Saturday, January 16, 2010

Book Review: House of Leaves

The following is the first of what I hope will be many book reviews written by a guest reviewer. Thanks so much to Caroline and to other followers of The Elephant's Bookshelf who've said they would like to write reviews. ~ Matt

House of Leaves by Mark Danielewski
Review by Caroline Hagood

Every once in a while, a reader falls in love with a different kind of fiction that changes how we as readers (and writers) think about characters.

In House of Leaves, Mark Danielewski uses the house in the title as a trope for the challenges of written testimony. Here, he has secured himself a space outside of time and narrative from which to survey both.

The inner flap reads: “House of Leaves by Zampanò with introduction and notes by Johnny Truant,” (two of the characters) with no mention of Danielewski. This is followed by an introduction from an edgy countercultural youth (Truant) who claims to have found a collection of writings in the home of an old man who has recently died (Zampanò).

The papers he finds are Zampanò’s scholarly analysis of The Navidson Record, a documentary by yet another one of Danielewski's characters, the world-renowned photojournalist, Will Navidson. The film catalogues Navidson's exploration of the house he moves into on Ash Tree Lane that is bigger on the inside than it is on the outside.

With input and copious footnotes from still more authors and critics real and imagined, the text addresses the physical and psychological world that Navidson examines. The quality that makes Navidson’s house different from the average home is that it suddenly develops new doors, staircases, and hallways; this tortuous structure becomes the novel’s central metaphor for writing.

The labyrinth at the heart of the novel is not only a single location that the characters explore, but also a symbol of the intricate structural composition of the narratives of each of the authors, including Truant, Zampanò, Danielewski, Navidson, and even Navidson's wife, Karen, who also contributes a short film to the novel’s roster of texts.

Since the majority of the critics and authors mentioned either do not exist, or exist but did not say what the novel claims they did, House of Leaves critiques writing's truth claims when it comes to representing individual and communal history.

Danielewski is not at all interested in our progressing right-side-up trip through his literary phantasmagoria. Clearly, authorship is being turned on its head as unstable meaning is filtered through multiple creators. But how do we read a book like this? Easy: we have to change the way we read.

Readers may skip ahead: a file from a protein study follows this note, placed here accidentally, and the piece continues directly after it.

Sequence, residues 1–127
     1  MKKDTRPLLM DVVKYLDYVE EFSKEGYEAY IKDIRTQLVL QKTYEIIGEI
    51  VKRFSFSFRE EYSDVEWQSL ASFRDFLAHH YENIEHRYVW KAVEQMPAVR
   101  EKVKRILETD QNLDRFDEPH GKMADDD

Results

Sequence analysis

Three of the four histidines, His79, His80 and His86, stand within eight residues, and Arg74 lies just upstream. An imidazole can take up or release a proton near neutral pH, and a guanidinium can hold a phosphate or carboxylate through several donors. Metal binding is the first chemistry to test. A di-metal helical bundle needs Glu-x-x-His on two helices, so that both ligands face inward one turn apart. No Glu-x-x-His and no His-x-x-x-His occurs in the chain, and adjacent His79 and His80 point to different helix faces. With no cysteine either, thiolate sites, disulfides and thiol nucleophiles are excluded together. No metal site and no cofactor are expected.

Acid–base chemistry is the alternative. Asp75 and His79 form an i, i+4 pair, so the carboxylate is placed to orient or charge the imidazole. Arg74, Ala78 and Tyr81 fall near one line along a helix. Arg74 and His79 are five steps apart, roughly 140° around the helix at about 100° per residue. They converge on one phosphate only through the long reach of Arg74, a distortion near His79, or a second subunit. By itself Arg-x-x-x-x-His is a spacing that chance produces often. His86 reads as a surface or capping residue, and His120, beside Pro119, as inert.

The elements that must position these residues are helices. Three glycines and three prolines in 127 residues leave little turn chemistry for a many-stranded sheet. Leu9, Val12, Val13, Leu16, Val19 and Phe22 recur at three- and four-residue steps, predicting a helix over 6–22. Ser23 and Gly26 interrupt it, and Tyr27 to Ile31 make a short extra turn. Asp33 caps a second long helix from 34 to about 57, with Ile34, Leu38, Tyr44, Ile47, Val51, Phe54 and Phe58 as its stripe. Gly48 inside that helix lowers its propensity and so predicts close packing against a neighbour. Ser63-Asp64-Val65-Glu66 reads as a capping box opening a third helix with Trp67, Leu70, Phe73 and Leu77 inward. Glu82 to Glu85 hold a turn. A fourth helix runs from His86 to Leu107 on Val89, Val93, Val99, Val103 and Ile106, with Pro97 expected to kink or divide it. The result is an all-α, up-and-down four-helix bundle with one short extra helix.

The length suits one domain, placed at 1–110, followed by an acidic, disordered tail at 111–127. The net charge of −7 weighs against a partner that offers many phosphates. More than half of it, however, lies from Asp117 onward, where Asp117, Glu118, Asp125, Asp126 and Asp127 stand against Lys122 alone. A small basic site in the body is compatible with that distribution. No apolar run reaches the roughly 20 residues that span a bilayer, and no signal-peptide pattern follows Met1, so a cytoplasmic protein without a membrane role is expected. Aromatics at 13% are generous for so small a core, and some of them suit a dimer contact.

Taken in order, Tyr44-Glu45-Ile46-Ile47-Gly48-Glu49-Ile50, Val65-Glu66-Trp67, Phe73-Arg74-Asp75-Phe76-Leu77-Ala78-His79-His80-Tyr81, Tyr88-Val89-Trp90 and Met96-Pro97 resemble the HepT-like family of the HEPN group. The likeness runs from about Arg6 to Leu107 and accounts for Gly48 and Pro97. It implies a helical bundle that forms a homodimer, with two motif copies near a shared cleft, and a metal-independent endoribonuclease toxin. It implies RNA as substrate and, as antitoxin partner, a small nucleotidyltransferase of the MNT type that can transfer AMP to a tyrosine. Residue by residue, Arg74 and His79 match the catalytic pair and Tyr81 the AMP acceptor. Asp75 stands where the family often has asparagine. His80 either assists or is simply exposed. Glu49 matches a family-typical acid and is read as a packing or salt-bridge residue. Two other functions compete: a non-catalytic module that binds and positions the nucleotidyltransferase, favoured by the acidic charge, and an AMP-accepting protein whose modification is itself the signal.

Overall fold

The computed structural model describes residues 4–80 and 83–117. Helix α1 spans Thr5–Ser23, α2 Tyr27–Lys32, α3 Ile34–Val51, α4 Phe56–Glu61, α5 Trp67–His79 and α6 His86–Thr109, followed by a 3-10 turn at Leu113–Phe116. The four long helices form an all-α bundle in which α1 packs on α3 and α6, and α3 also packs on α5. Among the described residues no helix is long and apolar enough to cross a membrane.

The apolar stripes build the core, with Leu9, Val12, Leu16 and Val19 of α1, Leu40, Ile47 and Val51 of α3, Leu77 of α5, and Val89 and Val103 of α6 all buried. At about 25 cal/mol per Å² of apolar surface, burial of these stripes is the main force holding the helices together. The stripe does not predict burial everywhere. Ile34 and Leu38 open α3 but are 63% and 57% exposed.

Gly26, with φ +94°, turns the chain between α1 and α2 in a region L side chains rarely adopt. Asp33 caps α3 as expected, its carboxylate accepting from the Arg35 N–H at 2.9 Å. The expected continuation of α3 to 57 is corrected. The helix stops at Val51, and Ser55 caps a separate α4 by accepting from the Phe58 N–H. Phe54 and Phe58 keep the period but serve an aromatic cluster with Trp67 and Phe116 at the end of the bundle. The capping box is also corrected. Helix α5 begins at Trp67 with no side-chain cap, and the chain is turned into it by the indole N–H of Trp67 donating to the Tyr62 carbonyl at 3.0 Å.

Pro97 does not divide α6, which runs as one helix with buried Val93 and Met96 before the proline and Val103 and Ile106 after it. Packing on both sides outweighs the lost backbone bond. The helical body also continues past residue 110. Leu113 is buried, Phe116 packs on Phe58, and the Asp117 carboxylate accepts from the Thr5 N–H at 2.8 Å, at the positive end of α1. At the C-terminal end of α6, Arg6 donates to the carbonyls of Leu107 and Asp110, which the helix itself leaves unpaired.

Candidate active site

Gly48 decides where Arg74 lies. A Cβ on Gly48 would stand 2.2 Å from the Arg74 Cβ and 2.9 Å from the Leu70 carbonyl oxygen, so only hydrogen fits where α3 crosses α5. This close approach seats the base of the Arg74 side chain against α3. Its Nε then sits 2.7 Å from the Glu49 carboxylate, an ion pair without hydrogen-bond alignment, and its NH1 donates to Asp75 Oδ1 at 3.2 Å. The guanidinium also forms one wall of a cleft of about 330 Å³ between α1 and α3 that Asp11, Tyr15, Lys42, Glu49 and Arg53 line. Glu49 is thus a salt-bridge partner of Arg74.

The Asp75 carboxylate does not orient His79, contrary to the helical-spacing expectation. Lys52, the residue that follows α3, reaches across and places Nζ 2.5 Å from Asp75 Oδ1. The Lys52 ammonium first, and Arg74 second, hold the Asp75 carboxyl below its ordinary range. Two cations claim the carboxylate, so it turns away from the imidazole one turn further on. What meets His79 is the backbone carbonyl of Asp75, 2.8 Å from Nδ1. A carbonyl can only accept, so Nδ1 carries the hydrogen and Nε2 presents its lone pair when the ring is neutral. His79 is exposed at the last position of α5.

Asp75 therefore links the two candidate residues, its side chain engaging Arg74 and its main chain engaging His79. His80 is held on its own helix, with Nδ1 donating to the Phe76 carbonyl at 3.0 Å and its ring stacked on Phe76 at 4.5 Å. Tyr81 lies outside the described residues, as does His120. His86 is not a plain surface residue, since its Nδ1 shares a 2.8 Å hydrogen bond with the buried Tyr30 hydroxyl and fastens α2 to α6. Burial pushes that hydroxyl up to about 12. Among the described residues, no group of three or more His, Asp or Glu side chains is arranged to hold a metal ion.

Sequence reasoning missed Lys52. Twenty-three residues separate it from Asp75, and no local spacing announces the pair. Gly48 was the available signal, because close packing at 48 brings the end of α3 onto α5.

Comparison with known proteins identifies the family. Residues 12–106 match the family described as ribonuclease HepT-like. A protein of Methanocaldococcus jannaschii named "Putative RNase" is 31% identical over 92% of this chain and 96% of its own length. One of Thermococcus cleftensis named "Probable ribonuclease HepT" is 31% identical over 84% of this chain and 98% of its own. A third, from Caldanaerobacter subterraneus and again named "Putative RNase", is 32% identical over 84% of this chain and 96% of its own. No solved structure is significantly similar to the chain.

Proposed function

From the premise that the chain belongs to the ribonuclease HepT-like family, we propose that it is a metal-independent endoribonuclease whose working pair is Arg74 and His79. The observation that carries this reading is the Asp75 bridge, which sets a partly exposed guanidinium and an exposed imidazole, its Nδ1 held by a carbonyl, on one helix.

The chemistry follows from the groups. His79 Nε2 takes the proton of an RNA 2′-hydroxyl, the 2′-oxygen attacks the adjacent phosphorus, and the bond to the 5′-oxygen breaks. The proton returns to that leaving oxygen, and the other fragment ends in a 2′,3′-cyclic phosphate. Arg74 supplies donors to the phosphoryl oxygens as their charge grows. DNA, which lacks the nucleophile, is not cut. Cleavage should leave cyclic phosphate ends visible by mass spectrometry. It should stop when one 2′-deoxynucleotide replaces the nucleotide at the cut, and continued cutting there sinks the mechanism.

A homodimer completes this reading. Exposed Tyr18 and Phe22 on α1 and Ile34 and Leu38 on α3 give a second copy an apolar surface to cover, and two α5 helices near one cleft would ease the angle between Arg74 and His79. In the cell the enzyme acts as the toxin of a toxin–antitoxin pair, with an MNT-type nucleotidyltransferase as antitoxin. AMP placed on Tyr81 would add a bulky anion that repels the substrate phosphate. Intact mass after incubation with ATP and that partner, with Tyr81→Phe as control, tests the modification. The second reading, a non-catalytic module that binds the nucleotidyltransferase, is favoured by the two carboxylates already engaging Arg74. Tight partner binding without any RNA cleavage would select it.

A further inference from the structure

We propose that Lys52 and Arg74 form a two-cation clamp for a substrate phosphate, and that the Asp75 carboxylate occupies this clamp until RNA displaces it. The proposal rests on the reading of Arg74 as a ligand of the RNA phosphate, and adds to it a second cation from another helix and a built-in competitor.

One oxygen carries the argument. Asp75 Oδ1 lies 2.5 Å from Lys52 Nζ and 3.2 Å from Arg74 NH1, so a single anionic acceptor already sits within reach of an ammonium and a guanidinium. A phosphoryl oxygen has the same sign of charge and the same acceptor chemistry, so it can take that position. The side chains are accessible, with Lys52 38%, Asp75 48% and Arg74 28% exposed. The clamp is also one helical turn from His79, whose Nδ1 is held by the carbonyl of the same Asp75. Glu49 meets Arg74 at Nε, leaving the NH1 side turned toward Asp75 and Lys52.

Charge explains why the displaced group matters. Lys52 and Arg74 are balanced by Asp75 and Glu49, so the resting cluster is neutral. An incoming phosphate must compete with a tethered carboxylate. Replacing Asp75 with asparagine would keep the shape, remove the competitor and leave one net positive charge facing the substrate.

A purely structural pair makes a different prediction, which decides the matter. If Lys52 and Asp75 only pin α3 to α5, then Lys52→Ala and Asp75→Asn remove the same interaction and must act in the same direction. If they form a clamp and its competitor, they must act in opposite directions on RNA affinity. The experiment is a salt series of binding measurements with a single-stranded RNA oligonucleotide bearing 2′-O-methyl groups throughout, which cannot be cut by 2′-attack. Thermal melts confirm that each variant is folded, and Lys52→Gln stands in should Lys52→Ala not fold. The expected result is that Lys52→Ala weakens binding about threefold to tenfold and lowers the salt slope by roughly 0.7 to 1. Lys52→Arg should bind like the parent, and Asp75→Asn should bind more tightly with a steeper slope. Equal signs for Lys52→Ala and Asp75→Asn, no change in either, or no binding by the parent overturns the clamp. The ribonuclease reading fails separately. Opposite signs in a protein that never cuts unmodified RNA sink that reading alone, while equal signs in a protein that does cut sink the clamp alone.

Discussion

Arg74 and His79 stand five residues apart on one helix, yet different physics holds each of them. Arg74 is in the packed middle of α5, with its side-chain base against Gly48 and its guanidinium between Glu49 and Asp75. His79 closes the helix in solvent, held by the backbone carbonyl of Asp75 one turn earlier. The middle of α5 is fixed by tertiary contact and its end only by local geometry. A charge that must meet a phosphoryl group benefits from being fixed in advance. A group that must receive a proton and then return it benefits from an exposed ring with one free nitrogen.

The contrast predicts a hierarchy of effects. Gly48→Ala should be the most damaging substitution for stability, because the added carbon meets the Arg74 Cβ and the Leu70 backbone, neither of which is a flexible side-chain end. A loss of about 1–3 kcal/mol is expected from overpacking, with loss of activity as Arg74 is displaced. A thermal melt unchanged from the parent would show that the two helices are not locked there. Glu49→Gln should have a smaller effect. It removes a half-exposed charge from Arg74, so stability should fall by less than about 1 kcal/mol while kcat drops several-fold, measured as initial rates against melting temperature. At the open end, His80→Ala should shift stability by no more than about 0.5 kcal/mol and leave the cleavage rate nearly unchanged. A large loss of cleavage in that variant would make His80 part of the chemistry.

Danielewski is not concerned that we locate an answer; rather, he wants us to note how each new interpretation changes the labyrinth of the narrative structure. In this way, Danielewski demonstrates that the trajectory of history, or present reality, can be altered.

That one writer’s analysis is not an absolute truth is made clear to us as readers of a heap of invented criticism. In a novel that comprises stories from multiple authors, as well as criticisms of these authors that we are forced to engage with as though they were, like us, real outside readers, we are confronted with the changeable nature of written "truth."

In the end, the house represents not merely language but metalanguage. It is the commentary on all stories, both fictional and historical; it's a chance to rewrite reading, writing, and history.

Caroline Hagood is a poet and writer living in New York City. She has written on books, film, and culture for Film International, Film-Philosophy, Film Catcher, Texas Studies in Literature and Language, Campus Progress, The Journal of Popular Culture, The DVD Lounge, in her own column on writing for Blogcritics, and her own blog, Culture Sandwich, among others. Her poetry has appeared in Shooting the Rat (Hanging Loose Press), Movin' (Orchard Books), Oxymoron, Angelic Dynamo and Ginosko. This is her first review for The Elephant's Bookshelf.

7 comments:

jmartinlibrary said...

"literary phantasmagoria." If the book is half as lush and intriguing as this review, I'm in.

Nice analysis.

Brian James said...

Thanks..sounds interesting like some interesting ideas in here. Perhaps a little too post-modernist for my tastes, but interesting nonetheless. Form the review, it feels a little like Umberto Eco's works, no?

Matt Sinclair said...

I've not read it myself, either. But I will certainly check it out. I think Caroline did a fine job with the review. I'm looking forward to others from her and from any followers or newcomers.

All are welcome, all are welcome.

caroline_hagood said...

Thanks for the feedback everyone, and thanks to Matt for publishing the review. I definitely think there's an Umberto Eco feel to the book. When you read it, you get that same sense that the author is trying to include everything he knows into one book.

Matt Sinclair said...

He's another writer I need to read. I have some of his books but simply haven't cracked them open.

Thanks again, Caroline, for your review, which has been well received!

missingno said...

The book is good

Matt Sinclair said...

Thanks, and I appreciate your commenting on this post. We intend to do more book reviews in 2013. Hope you come back. :-)